At 37 years old, UFC light-heavyweight Ike Villanueva is rejuvenated after picking up his first octagon victory back in January.
Villanueva is coming off a walk-off knockout just 39-seconds into round two against Vinicius Moreira at UFC on ESPN 20 this past January. His highlight-reel finish fell short of earning a bonus, but “The Hurricane” left with a new-four fight contract after meeting with UFC matchmaker Mick Maynard over the weekend.
With plans to retire at the age of 42, Villanueva is trying to make the most of his contract extension. The chance to make a run starts against Marcin Prachnio at UFC Fight Night 190 in Las Vegas, Nevada on June 26.
“I was shocked. I shed some tears because as a journeyman and being in the fight game for so long, stuff like that doesn’t come easy,” Villanueva said. “It feels like being born again. Now they believe in you, they’re like, ‘He’s here for a reason.’ It’s my job to make the most of it.”
JUST. LIKE. THAT. 🤯@Hurricane_UFC with an insane right hook KO!
— UFC (@ufc) January 20, 2021
Ike Villanueva is staking his claim in the UFC
Villanueva’s road to the octagon took a long time, fighting 26 times before making his UFC debut in May 2020. The Texas resident sat cage side for UFC 262 in Houston on Saturday, May 15.
It marked a surreal moment for Villanueva, who was still trying to earn a spot inside the octagon at UFC 247 in February 2020. The light heavyweight is three fights into his UFC career more than a year later.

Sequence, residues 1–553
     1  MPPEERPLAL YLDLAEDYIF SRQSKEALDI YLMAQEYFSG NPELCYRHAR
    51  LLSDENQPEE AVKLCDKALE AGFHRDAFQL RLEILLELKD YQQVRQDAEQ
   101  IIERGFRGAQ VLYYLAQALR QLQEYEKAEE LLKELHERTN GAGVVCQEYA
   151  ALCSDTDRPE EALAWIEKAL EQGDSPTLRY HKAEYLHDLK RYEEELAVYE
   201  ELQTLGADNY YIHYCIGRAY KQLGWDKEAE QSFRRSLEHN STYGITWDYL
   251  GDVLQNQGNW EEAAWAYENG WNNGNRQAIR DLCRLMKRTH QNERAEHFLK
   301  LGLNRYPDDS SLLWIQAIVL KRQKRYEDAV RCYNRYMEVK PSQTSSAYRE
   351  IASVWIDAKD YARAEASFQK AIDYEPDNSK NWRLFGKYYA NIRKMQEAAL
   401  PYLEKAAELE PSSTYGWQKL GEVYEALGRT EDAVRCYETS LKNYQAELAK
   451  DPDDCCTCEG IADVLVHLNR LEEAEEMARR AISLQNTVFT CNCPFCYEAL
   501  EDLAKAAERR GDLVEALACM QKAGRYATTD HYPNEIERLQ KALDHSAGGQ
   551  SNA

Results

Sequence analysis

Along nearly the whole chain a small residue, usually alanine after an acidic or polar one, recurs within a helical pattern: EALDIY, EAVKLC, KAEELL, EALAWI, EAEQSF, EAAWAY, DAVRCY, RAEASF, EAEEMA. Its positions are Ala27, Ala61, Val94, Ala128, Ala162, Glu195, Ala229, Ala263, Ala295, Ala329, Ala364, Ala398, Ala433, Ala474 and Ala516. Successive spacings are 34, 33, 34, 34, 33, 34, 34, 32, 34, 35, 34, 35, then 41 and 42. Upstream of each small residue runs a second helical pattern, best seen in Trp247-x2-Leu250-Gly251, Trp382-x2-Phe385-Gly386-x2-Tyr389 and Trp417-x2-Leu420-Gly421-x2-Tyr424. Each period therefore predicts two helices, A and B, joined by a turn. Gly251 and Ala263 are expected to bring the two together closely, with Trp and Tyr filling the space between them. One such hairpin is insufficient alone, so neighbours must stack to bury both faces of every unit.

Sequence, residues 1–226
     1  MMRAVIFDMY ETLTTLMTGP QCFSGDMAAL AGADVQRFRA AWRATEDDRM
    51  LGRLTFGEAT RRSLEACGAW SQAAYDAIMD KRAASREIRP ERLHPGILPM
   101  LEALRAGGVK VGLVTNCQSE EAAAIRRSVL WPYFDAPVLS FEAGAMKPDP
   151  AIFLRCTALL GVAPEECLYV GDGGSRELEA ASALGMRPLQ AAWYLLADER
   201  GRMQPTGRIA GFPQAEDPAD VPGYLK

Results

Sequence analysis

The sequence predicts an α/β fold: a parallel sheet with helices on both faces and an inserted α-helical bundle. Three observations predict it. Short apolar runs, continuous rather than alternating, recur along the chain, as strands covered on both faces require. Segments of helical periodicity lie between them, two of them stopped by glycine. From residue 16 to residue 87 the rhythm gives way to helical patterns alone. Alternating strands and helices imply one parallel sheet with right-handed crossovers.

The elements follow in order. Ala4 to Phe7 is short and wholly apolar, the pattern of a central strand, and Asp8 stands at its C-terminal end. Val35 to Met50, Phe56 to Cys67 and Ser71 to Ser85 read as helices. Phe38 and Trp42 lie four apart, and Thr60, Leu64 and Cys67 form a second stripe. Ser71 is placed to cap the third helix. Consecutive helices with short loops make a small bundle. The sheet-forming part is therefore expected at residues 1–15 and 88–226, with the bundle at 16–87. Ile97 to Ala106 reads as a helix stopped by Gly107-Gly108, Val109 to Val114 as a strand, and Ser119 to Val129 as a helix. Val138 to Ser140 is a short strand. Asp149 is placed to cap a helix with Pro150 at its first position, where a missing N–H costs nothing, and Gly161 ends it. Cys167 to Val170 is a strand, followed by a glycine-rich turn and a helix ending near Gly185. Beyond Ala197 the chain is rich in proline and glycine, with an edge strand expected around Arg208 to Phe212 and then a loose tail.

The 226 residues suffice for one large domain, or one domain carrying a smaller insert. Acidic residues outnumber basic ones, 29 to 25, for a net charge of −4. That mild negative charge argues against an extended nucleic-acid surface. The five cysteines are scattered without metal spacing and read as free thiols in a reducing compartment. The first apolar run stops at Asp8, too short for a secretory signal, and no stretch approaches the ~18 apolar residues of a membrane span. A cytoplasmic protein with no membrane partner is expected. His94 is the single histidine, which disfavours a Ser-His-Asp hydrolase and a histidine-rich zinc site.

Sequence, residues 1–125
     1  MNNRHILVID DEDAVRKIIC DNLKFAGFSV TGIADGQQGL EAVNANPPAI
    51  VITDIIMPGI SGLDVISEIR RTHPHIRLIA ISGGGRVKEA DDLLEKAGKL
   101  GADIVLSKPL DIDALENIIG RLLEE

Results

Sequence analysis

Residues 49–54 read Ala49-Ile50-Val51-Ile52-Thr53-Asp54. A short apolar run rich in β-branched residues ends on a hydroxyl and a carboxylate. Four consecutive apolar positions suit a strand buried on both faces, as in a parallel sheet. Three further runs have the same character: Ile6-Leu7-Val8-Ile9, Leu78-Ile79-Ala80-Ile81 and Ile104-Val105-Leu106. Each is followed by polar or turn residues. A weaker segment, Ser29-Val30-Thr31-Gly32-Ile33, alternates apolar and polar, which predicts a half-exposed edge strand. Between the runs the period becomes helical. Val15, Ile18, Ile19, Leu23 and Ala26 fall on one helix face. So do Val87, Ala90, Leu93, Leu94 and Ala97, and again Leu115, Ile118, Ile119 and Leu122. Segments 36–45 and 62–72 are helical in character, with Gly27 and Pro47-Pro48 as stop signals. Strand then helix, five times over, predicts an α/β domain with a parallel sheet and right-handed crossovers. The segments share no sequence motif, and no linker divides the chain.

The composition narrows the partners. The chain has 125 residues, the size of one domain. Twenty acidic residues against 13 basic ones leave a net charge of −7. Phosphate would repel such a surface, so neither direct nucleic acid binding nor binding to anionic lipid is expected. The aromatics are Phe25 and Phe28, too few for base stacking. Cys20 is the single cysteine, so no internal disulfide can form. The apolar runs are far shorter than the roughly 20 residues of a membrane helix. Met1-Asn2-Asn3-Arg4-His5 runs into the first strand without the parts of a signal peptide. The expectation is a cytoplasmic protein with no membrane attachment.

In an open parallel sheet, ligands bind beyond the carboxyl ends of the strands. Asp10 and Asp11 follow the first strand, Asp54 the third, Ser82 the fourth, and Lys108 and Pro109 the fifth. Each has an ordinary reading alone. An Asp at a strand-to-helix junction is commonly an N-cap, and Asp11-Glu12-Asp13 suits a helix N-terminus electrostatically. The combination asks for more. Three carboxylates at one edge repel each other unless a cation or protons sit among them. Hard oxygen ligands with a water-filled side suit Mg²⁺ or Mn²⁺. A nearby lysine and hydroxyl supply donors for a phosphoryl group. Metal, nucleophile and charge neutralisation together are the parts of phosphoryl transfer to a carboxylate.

“To come back this time on the roster, that was amazing. I got to share the experience with my wife and she loved it,” Villanueva said. “People were coming to me, asking for pictures, it was amazing bro. I was like, ‘Man, this is awesome. This is what it is all about.’”
— Ike Villanueva (@hurricane_ufc) May 16, 2021
Ike Villanueva is the older guy
Villanueva is one of the oldest fighters in the UFC’s 205-pound division. After making his pro debut in 2008, he spent 12 years trying to earn his place inside the octagon.
Villanueva is coming with something to prove against younger competition. He is five years older than his counterpart, Prachnio.
With age comes experience and Villanueva has 10 more professional bouts to his name than Prachnio. He is coming accustomed to showing younger fighters he can still hang with them.
“These little young kinds want to try to knock me off, it’s not going to happen, I need to show them I still got it.” Villanueva said. “It’s funny, I get in the gym and these young guys, I say, “Bro, you are my step son, I’m going to beat your [Expletive]. You better go clean your room.”
Ike Villanueva expects Prachnio to shoot
Like Villanueva, Prachnio’s UFC started out slow. The Poland native dropped his first three octagon bouts before beating Khalil Rountree by unanimous decision at UFC 257 last January.
Prachnio is one to let his hands go after earning nine of his 14 victories by TKO/knockout. Villanueva is a well regarded striker in his own right, earning 15 of his 18 victories by TKO/knockout.
Villanueva is confident Prachnio will try to force the fight to the ground nonetheless.
“He is going to try and shoot and if he wants to, I’m ready for it,” Villanueva said. “Whatever he wants to do, I’m up for it, but if he tries to shoot, he’s in for a bad night.”
“I’m not done yet”
Getting closer to 40 years old, Villanueva still has more to accomplish if you ask him. His new deal is only giving him more confidence he can still compete at the highest level.
He waited a long time to be a part of the UFC roster and he plans to make it a long run inside the octagon. He expects everyone to take notice during his next fight.
“I think my right hook is going to catch him [Prachnio] in the second,” Villanueva said. “I’m not done yet.”
Connor Northrup once covered municipal meetings and promised himself never again. He is now combining his passion for Mixed Martial Arts and reporting all into one.